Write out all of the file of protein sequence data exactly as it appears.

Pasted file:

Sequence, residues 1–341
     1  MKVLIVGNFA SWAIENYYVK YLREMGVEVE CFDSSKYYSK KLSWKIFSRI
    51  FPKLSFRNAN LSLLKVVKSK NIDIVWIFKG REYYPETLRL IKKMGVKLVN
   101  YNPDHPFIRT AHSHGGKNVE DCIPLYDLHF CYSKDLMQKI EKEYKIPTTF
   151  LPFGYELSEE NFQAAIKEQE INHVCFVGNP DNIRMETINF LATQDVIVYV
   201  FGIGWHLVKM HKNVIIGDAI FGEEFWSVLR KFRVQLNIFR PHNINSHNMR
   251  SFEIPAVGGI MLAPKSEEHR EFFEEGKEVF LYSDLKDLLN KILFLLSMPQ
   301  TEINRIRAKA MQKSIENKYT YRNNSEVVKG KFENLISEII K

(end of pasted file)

Sequence, residues 1–341
     1  MKVLIVGNFA SWAIENYYVK YLREMGVEVE CFDSSKYYSK KLSWKIFSRI
    51  FPKLSFRNAN LSLLKVVKSK NIDIVWIFKG REYYPETLRL IKKMGVKLVN
   101  YNPDHPFIRT AHSHGGKNVE DCIPLYDLHF CYSKDLMQKI EKEYKIPTTF
   151  LPFGYELSEE NFQAAIKEQE INHVCFVGNP DNIRMETINF LATQDVIVYV
   201  FGIGWHLVKM HKNVIIGDAI FGEEFWSVLR KFRVQLNIFR PHNINSHNMR
   251  SFEIPAVGGI MLAPKSEEHR EFFEEGKEVF LYSDLKDLLN KILFLLSMPQ
   301  TEINRIRAKA MQKSIENKYT YRNNSEVVKG KFENLISEII K